Thursday, September 17, 2015

JVP in pericardial tamponade

Greetings everyone!

Today, I was reading about JVP in pericardial tamponade. I started explaining a few concepts to myself and then I thought maybe everyone would like to know about this! So I wrote them down for you guys to read.

Why is y descent absent in JVP in pericardial tamponade? 
Y wave is due to ventricular relaxation. The ventricles can't relax when the pericardium is full of fluid, leading to the absence of y descent.

JVP in pericardial tamponade
Why is there a prominent x descent in JVP of pericardial tamponade?

(This is plain awesome to understand. I'm going to explain it in my own words.)
During systole, the pericardial pressure becomes a little negative (In very lay man terms, ventricle contracts so space in the pericardium increases) which momentarily relieves the tamponade.
This negative wave is transmitted to the atria which causes an exaggerated atrial relaxation, pulling all the blood inside the atrium, leading to a prominent x descent.

A more complex explanation, copied from blaufuss ( for reference.

Pericardial Tamponade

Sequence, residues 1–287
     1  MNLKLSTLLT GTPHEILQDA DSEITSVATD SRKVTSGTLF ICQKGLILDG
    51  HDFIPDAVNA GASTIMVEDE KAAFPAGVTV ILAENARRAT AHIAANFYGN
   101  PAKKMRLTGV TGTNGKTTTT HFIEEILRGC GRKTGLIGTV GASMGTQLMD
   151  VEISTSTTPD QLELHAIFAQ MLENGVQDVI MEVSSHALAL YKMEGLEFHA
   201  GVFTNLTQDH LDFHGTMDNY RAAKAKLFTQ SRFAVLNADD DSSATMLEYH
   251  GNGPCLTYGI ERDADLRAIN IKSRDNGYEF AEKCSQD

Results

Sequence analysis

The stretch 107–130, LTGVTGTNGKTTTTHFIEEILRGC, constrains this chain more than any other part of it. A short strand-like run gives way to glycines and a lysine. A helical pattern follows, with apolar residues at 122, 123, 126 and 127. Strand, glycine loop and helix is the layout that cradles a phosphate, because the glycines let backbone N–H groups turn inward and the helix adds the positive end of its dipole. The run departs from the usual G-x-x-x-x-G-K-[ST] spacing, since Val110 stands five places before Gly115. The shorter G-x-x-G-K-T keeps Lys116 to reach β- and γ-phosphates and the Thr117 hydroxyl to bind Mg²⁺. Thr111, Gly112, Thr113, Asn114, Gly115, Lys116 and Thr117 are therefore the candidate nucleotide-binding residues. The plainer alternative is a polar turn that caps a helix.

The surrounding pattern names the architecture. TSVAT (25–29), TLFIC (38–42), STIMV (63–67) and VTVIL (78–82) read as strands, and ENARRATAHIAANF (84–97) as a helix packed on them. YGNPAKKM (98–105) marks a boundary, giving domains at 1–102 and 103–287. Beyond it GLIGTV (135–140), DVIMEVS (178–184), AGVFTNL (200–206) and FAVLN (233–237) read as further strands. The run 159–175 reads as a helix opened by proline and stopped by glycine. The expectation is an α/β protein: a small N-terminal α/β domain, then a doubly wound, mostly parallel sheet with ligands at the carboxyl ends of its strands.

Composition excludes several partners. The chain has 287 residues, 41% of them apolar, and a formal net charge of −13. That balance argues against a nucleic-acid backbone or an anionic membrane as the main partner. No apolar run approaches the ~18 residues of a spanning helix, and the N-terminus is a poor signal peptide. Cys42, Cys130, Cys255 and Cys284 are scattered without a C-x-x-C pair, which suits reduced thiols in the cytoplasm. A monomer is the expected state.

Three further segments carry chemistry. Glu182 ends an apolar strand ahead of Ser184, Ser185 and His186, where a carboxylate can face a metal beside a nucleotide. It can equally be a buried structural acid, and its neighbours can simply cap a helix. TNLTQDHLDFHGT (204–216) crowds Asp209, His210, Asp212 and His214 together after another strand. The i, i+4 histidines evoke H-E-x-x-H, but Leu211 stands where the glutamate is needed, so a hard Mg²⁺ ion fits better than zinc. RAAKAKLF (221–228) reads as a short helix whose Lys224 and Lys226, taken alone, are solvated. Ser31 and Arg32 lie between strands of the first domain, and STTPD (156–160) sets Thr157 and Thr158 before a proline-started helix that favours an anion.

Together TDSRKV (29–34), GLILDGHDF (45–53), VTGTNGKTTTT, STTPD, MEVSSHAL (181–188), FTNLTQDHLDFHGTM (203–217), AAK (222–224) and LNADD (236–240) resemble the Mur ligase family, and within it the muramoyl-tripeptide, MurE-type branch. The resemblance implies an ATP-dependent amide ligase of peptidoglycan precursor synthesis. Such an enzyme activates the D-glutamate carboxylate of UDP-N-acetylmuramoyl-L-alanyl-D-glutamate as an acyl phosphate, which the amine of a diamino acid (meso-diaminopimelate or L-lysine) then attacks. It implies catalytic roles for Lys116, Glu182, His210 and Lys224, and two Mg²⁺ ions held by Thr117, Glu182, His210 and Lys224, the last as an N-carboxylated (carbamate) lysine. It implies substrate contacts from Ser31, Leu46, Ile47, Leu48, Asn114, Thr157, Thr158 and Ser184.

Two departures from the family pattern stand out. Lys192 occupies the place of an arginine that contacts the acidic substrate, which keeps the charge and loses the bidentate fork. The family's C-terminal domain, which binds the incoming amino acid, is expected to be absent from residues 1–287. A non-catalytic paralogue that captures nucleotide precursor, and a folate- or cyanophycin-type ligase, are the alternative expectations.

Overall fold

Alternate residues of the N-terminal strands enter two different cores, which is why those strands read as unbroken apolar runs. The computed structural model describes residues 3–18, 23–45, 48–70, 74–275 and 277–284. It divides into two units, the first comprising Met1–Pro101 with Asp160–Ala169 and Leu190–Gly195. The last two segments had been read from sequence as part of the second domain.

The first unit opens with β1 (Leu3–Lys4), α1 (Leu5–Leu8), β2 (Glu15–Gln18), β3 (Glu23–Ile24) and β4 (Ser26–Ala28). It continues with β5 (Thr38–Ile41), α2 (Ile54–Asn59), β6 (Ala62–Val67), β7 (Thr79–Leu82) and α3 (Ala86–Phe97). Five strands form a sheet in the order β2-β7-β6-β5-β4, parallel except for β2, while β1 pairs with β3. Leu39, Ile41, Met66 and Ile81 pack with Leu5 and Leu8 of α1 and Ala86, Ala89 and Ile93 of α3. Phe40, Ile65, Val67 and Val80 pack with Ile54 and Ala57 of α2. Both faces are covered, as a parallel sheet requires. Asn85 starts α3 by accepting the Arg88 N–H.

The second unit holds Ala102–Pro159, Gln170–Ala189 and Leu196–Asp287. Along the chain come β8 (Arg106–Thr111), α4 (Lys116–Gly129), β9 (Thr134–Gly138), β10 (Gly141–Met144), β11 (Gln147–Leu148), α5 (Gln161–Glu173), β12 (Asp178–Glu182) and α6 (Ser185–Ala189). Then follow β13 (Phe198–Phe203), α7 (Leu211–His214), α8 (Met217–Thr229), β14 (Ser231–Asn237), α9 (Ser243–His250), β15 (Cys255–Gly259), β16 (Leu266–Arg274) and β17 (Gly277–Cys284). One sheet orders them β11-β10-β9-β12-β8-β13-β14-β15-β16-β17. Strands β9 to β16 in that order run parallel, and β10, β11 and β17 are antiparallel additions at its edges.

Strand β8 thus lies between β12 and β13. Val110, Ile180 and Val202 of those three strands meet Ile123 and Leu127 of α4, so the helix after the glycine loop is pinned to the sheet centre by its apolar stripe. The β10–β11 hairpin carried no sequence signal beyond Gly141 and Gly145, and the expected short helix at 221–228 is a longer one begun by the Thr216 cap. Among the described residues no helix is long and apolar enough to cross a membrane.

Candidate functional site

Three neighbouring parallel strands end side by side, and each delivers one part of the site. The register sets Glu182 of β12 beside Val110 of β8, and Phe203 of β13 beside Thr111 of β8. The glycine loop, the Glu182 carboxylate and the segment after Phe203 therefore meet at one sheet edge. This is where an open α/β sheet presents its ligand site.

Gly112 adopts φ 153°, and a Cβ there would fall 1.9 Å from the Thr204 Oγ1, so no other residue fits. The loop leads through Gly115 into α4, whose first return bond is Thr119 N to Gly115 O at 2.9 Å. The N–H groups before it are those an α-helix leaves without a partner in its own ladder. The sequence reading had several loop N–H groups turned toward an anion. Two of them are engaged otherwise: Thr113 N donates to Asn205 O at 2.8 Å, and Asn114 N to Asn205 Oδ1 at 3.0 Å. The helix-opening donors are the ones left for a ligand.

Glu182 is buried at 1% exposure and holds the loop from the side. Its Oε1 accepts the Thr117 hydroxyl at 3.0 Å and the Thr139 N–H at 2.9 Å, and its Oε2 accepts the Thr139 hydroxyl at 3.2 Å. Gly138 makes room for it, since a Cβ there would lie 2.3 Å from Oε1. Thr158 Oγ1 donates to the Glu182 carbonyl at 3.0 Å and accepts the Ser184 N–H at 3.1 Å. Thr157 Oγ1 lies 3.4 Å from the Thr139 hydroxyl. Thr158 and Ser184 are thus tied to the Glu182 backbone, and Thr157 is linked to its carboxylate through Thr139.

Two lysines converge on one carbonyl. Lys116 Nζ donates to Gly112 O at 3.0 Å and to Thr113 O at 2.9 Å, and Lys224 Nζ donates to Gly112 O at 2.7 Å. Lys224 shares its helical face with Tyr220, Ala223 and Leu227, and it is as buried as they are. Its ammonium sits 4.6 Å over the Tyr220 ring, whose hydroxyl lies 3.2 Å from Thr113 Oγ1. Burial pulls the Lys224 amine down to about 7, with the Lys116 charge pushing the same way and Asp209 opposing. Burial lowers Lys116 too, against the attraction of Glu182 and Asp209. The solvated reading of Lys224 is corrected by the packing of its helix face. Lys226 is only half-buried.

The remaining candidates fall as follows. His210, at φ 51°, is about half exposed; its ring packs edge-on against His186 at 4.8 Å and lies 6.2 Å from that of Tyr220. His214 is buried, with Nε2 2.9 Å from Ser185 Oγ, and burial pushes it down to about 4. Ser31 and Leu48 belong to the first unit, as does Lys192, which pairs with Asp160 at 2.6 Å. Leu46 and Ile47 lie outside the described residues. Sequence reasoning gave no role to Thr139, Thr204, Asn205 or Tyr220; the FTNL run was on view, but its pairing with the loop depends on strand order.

The atrial pulse contour in tamponade is unique. The elevated pressure exhibits a prominent x-descent while lacking a diastolic y-descent or developing a y-ascent. These changes can also be appreciated in the jugular venous pulse.
With tamponade, the pericardial space is hydraulically distended under sufficient tension to raise filling pressures equally in all chambers and impair diastolic filling. Under these conditions a pericardial systolic negative wave results from the ejection of blood by the ventricles which momentary relieves the tamponade. This negative wave is transmitted to the atria as an exaggerated x-descent that draws in a surge of venous blood. The systolic reduction in intra-pericardial space makes room for venous blood.

The venous input matches the ventricular output by the end of systole, and the intra-pericardial space is once again full. When diastolic ventricular relaxation ensues, loss of blood from the atria does not relieve atrial pressure because the hydraulic action of the displaced pericardial fluid now impinges on the emptying atria. Right atrial communication with the engorged systemic venous reservoir also tends to maintain a high level of pressure in the atria, preventing the y-descent and often producing a y-ascent.

That's all!
There's a fine line between coincidence and fate.


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